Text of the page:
Use of household food insecurity scales for assessing poverty in Bangladesh and Uganda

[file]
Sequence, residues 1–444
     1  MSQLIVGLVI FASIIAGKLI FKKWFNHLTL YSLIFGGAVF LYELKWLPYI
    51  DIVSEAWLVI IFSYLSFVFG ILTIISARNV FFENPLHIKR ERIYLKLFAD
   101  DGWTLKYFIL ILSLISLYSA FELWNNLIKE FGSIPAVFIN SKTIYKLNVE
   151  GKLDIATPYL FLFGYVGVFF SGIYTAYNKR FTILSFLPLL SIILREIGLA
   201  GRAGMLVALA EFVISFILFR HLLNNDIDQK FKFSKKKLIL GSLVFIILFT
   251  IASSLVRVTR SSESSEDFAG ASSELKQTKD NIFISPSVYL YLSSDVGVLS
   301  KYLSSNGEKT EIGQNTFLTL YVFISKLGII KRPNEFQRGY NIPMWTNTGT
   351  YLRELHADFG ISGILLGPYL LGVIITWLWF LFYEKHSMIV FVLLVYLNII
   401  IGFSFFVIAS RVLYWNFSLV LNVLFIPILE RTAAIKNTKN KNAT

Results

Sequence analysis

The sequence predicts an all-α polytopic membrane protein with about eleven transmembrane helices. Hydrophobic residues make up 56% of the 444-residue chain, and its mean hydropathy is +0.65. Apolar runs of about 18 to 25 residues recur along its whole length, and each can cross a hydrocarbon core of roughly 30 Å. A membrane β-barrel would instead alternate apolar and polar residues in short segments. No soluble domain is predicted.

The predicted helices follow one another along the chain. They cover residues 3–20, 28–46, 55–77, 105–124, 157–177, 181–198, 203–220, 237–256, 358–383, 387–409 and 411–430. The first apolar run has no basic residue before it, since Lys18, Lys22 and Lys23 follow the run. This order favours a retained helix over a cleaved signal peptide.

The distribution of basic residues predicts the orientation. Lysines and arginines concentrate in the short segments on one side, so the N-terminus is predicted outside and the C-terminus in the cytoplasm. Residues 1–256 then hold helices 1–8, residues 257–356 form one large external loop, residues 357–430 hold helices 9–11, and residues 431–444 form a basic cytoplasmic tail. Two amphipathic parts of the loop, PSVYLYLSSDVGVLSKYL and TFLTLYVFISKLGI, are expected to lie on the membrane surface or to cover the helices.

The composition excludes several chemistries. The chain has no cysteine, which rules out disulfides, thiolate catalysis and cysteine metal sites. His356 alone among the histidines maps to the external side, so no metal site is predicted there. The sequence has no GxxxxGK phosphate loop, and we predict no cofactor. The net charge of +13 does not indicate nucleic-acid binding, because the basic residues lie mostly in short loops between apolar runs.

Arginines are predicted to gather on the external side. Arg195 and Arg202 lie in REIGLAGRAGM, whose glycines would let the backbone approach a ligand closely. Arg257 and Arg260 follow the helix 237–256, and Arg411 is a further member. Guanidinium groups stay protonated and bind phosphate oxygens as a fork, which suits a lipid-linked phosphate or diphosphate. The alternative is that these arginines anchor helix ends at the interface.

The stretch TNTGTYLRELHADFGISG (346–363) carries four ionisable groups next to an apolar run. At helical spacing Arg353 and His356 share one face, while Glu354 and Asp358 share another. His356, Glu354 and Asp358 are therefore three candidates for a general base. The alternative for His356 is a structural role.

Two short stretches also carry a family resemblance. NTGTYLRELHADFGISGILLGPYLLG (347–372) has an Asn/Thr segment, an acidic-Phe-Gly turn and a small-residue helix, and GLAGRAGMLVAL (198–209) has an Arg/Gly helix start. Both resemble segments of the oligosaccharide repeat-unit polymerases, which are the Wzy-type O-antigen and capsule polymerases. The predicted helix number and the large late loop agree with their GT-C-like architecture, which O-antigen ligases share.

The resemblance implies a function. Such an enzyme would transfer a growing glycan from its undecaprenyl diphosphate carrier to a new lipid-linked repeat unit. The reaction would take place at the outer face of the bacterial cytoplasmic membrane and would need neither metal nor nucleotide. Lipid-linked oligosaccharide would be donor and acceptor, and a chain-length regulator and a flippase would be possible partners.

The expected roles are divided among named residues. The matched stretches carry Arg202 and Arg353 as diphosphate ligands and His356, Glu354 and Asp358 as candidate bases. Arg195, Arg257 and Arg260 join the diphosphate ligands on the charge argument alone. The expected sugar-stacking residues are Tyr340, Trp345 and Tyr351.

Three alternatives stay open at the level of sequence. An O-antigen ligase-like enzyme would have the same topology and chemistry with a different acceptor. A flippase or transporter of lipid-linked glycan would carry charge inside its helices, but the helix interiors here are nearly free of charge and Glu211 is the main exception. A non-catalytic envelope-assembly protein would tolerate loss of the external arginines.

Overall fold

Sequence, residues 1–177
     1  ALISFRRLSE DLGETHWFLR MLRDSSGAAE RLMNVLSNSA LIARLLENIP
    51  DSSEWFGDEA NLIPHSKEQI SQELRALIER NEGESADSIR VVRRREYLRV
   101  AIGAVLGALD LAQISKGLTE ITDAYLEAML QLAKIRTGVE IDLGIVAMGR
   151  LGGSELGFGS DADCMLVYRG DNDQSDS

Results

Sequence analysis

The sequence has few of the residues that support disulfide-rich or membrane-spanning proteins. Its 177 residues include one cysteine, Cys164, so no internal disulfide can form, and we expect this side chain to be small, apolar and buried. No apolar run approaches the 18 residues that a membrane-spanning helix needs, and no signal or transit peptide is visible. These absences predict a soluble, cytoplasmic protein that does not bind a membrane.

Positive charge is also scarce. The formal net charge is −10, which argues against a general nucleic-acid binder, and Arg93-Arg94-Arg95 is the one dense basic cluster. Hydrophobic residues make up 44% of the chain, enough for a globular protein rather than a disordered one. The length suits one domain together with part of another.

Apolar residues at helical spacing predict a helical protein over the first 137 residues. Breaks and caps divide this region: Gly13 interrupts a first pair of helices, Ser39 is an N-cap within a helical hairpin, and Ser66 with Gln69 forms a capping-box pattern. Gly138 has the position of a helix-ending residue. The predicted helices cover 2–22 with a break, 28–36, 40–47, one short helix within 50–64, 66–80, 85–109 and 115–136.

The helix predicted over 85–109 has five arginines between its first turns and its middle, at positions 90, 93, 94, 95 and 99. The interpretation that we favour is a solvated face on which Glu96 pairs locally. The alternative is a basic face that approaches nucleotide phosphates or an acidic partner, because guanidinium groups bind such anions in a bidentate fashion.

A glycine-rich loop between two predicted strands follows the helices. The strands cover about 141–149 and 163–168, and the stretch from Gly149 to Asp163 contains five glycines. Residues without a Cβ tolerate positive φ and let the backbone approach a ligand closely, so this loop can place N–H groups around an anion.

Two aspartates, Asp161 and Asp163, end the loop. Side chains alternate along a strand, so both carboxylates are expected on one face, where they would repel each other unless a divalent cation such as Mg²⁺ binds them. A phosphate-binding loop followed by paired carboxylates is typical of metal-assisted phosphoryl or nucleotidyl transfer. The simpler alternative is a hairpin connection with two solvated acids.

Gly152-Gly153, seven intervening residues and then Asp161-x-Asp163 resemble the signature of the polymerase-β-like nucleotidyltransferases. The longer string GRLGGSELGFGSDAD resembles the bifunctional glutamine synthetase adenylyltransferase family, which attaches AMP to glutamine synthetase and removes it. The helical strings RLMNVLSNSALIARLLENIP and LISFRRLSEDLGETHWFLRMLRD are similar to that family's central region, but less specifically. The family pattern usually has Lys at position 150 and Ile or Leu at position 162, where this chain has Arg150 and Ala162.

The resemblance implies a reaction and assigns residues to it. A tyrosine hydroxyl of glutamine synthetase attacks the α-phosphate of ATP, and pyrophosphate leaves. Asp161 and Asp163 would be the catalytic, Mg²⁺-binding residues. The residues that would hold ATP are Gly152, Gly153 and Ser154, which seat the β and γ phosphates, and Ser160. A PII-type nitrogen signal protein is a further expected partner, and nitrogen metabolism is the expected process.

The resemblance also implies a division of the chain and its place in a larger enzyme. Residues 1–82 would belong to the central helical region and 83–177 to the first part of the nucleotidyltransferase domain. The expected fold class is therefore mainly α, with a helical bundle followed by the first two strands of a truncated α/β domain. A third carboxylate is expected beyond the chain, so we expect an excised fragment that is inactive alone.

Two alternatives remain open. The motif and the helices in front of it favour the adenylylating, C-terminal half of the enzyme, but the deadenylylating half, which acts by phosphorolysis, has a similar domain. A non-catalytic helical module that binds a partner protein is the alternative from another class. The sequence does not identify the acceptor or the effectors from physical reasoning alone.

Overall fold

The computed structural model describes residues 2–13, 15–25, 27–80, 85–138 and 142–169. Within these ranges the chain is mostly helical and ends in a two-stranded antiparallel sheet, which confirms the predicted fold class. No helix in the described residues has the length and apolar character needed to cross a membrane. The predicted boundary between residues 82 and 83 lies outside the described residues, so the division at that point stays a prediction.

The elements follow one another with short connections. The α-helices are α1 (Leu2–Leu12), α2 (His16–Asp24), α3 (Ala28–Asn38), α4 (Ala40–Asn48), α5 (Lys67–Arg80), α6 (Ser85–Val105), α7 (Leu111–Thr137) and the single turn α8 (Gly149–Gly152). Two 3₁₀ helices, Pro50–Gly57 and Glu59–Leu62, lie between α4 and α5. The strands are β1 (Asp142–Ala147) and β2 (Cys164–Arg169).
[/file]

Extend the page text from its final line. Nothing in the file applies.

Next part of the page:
An important dimension of poverty is access to food. Household food security implies access to the food needed for a healthy and productive life. Lack of access to and/or impaired utilization of food contribute to household food insecurity. This study compares the usefulness of a standardized food insecurity scale for determining the food insecurity status of rural and urban households in Bangladesh and Uganda, and for predicting poverty status. The analysis uses data from the IRIS Composite Survey Household Questionnaire (2004), which consists of 1,587 households (approximately 800 households in each country). The coping mechanisms adopted in the presence of food shortages represent the building blocks for the development of the scale (7 items). In order to assess the suitability of the scale as an estimator of the households’ poverty status, the benchmark indicator “daily expenditures per capita” and its relation to the corresponding poverty line serves as the basis for evaluation for each country. The scale provides the means for classifying the households into 3 main groups: Non Food Insecure, Moderately Food Insecure, and Severely Food Insecure. The reliability of the scale is measured via the Cronbach’s Alpha statistic. In addition, the scale is used in regression analysis in order to predict per capita daily expenditures and the poverty incidence. The results show that food insecurity does not always reflect (income) poverty. However, the use of the scale as a predictor of poverty status produces rough estimates of poverty incidence that could be useful as background information. The differentiation of households according to their food security status may be valuable for focusing and developing improved food insecurity mitigation strategies.
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